Essential Tracks This Week: The Smile, C.L.S.M. and more

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The Smile

In the coming weeks, Essential Tracks will likely be winding down for a seasonal respite, if in large part because much of what’s being released will be holiday music, and there’s really only so much of that we can handle in one sitting. But before embarking on an Essential Tracks sabbatical, we’ve got a roundup of four great new songs, including another new one from The Smile, the unexpected return of a great post-hardcore group, and more.

The Smile – “Wall of Eyes”

Since releasing A Light for Attracting Attention last year, The Smile haven’t slowed down and are now preparing to release their sophomore album in early 2024 (perhaps being a trio gives them the benefit of moving a little faster than Radiohead). “Wall of Eyes,” the second song to be released from the album, showcases their more cinematic, atmospheric side, a subtle bossa nova that gradually builds out into an eerie art-pop slow-burner with elements of Radiohead’s most subtly intense moments on A Moon Shaped Pool. Where the fun of the band’s first set of songs was its immediacy, it’s thrilling to hear them evolve into something even more nuanced and layered, revealing new and repeatedly rewarding aspects to this still-new(ish) band of art-rock vets.

From Wall of Eyes, out January 26 via XL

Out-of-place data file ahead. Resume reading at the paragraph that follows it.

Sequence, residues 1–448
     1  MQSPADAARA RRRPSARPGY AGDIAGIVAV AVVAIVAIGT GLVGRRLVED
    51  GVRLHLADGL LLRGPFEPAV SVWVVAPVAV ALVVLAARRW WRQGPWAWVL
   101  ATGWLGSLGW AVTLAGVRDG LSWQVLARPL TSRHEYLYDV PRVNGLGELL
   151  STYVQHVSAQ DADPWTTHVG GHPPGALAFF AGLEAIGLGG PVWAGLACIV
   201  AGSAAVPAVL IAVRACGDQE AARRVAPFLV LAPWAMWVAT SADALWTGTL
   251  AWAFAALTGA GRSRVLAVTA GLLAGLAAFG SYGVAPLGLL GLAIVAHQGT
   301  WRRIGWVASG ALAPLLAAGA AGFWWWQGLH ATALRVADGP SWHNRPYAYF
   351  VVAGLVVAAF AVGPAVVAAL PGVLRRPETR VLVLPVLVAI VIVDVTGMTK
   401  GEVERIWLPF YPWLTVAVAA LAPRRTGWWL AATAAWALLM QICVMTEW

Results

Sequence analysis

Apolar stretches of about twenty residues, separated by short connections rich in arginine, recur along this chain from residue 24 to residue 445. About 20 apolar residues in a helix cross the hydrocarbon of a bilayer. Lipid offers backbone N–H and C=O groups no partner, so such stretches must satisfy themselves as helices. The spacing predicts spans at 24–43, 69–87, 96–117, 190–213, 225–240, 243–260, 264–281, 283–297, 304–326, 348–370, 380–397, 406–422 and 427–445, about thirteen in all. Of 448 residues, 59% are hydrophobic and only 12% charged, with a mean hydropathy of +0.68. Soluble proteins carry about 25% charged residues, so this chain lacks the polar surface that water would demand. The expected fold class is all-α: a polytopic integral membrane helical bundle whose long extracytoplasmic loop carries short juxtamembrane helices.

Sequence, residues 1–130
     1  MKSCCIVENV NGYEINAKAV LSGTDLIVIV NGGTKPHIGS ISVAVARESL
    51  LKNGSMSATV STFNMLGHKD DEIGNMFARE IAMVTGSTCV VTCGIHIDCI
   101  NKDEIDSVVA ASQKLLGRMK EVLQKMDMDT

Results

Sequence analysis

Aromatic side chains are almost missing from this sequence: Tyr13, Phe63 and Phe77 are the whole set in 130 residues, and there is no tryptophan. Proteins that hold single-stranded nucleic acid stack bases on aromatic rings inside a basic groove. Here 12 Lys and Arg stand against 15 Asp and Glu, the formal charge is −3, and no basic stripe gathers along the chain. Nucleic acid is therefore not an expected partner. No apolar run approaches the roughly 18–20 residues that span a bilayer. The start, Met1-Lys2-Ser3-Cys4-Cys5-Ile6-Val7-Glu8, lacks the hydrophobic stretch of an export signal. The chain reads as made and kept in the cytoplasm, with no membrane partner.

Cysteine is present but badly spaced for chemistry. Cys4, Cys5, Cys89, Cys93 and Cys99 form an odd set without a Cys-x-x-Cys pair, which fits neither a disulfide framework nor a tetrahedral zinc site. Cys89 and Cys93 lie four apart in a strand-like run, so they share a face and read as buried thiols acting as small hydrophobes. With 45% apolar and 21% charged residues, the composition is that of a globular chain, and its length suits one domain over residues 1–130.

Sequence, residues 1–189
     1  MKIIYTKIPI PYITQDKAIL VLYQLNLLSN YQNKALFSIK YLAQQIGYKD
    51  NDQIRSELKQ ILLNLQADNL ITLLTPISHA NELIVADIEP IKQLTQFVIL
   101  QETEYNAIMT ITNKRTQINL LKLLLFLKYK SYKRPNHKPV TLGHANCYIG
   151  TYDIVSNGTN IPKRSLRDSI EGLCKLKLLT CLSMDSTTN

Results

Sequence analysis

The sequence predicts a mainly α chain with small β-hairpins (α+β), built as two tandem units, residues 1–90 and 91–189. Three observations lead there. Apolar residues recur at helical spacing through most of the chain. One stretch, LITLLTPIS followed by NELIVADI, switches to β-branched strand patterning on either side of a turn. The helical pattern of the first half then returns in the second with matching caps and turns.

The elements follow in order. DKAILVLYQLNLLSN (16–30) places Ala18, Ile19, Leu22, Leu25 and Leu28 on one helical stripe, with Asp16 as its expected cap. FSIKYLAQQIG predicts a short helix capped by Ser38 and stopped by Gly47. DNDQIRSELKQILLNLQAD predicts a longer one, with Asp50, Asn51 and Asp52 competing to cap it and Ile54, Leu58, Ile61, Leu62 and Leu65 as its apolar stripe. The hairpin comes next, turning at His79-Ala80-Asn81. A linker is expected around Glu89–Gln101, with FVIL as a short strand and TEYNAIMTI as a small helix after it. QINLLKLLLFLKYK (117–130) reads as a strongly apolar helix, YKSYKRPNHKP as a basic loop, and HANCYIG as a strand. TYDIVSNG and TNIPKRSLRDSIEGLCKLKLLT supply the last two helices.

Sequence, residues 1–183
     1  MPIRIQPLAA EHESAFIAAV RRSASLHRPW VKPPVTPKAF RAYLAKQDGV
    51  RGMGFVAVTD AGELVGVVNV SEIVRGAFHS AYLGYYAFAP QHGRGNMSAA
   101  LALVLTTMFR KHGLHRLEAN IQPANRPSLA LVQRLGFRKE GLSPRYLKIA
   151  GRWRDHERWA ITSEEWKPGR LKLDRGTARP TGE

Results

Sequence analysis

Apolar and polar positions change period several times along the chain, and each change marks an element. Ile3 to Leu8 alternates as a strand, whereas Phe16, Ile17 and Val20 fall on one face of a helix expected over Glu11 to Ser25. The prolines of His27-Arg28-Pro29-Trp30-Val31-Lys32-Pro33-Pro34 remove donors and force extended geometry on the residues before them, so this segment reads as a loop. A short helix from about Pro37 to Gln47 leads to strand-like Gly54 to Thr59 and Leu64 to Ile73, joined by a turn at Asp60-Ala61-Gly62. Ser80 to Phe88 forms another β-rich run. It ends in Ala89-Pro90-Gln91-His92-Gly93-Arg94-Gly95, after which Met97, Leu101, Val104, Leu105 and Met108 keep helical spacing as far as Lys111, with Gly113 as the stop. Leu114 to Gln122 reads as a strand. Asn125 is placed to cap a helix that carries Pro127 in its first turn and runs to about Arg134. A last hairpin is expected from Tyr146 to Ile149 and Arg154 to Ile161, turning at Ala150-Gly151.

C.L.S.M. – “Behind the Sheltering Sky”

This week, Coliseum made their surprise return under the name C.L.S.M., and the Louisville post-hardcore group’s first new album in eight years in large part is a return to their crustier, blistering roots, comprising 10 songs that mostly barely cruise past the two-minute mark as they bash away with reckless abandon. “Behind the Sheltering Sky” is one exception, a spacier track heavier on effects and Ryan Patterson’s spoken-word delivery, along with his hypnotic saxophone playing for good measure. On a set full of barnburning d-beat wreckers, it’s a stunning moment of psych-punk majesty.

From Infinity Shit, out now via Equal Vision

André 3000 – “I Swear, I Really Wanted to Make a ‘Rap’ Album…”

The title of the first track on André 3000’s nearly 90-minute instrumental new age flute album (still getting used to saying that), looks like it’s a joke. Its full title, “I Swear, I Really Wanted to Make a “Rap” Album but This Is Literally the Way the Wind Blew Me This Time,” is a kind of response to years of people asking about when the OutKast emcee will finally make his solo rap debut (since his former musical partner Big Boi has kept going in that direction). And yet, hearing something this gorgeously hypnotic, built around subtle and soothing synths and André’s understated flute playing, such concerns fade into the background quickly. What he delivers here isn’t perhaps as exciting as an André solo album suggests based on his background, but that hardly matters with warm, immersive music like this, intertwining jazz and ambient music in something gentle and restorative.

From New Blue Sun, out now via Epic

Persher – “Elemental Stoppage”

This, however, is not very soothing. Not at all. The project of Jamie Roberts (Blawan) and Arthur Cayzer (Pariah), Persher combines the two artists’ electronic backgrounds with extreme music such as metal, hardcore and noise, and “Elemental Stoppage” is one of their most direct rippers yet. Jagged synthpunk at its most abrasive and intense, “Elemental Stoppage” offers some of the gnarliest permutations of electronic music you’ll hear this year or next, abrasive and distorted, powerful and pummeling, guided by unintelligible growls. With “Elemental Stoppage,” Persher suggest that a laptop is just as effective as a guitar at opening up this pit.

From Sleep Well, out February 23 via Thrill Jockey

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